Repetition is used by depicting the shapes and bullets. The shapes are arranged on top, middle and end of the design. Throughout the design bullets appear to be a pattern. There is a large amount of space around the shapes. In my opinion, the designer is concerned with the elements and principals of art and design as the design is simple and clear. The meaning of the work depicts Information Design to be simple, clear and easy to understand.

    The title, “Information Design Tools and Approach” provides general clues to the purpose of the work. The designer is acknowledging social experiences through his work by the text and refers to graphic designers and Dan Roam. What stood out most when I first saw the design was the color of the “join this site” button.

    The feeling of balance comes across by the geometric shapes on the top of the design. The shapes helped to move through the design and led the eye. The art movement that might have inspired this designer might be Minimalism. This work is simple in what it presents and how it represents its message. The message the designer is trying to communicate is Information design should be clear and simple. If I had to choose a title for this piece, I would you name it, “The simple side of Information Design Tools.”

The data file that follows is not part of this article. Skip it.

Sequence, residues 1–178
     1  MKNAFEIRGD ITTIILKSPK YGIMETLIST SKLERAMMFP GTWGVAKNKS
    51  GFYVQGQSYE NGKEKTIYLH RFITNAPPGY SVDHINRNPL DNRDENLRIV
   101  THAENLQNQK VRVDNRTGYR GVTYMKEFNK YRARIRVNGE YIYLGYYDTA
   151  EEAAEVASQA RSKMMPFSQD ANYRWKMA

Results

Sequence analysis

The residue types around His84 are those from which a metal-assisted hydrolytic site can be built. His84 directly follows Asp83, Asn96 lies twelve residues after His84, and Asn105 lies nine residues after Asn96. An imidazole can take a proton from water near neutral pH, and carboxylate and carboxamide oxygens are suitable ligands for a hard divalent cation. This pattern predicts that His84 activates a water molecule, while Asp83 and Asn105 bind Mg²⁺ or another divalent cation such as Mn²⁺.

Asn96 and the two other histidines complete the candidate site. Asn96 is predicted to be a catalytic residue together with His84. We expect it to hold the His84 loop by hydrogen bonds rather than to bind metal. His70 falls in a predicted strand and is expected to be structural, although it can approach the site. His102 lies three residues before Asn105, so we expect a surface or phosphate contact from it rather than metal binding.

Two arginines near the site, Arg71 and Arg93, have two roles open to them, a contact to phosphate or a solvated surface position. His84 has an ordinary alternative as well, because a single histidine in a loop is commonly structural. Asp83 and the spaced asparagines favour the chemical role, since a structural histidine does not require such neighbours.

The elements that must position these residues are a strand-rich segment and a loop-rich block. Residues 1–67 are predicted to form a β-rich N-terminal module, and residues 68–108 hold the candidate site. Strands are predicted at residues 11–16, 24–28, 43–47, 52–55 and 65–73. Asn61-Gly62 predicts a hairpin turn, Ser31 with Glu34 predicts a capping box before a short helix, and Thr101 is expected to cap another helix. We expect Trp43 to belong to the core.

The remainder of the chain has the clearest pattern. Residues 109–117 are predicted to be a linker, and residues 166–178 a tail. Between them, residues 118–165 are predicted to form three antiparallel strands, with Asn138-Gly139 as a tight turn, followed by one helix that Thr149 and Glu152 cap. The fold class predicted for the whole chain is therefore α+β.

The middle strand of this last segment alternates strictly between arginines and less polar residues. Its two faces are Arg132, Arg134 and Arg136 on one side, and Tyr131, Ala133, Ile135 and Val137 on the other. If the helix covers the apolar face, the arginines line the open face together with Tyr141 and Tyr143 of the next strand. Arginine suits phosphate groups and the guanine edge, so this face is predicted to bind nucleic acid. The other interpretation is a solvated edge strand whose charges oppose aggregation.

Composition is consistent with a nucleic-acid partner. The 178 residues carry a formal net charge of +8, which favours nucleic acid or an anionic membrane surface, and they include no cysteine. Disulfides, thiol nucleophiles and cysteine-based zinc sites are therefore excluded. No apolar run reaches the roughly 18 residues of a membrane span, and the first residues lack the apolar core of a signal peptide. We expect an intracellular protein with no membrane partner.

The quality of the message could be improved by enlarging the square so the text is clear. The work succeeds in conveying a clear and convincing feeling of simplicity. I believe there is only one possible meaning of the design. The designer conveyed his message clearly and has accomplished what he set out to do.
    It was short and simple.

    Good Job!!!
    Danelle Wolfe

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  4. As always, I like the design of your blog. It is simple and straight to the point. I also really liked the video that you included. It was very informative and I was very happy to learn about dafont.com from the video. I have always felt that fonts are a great to express a message.

    You did a great job of giving an overview of the different topics from our reading. I like how you tied some of the different methods that Dan Roam provided us with together.

    One area that I would change is the timeline graphic that you included. Even when you click on it to open it bigger, it is still a little difficult to read. I have found timelines difficult to make more readable due to the nature of the design. I'm not sure if timelines should be staggered, but there may be a way of making everything bigger if you were able to divide the timeline after the first bracket and include that section below it.

    Great job though. I enjoy reading your blog.

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  5. Hi there,

    Your video is very insightful and you do a great job of explaining your process of creating a logo. You seem to have very sharp design skills and proficiency with Illustrator. Illustrator and Photoshop are excellent informational design tools, but it does take time to learn how to create with these platforms. I thought that the logo that you designed was simple and effective, I liked how you joined the 2 Ts, but still added contrast to differentiate them. Great job!

    Helen Benedict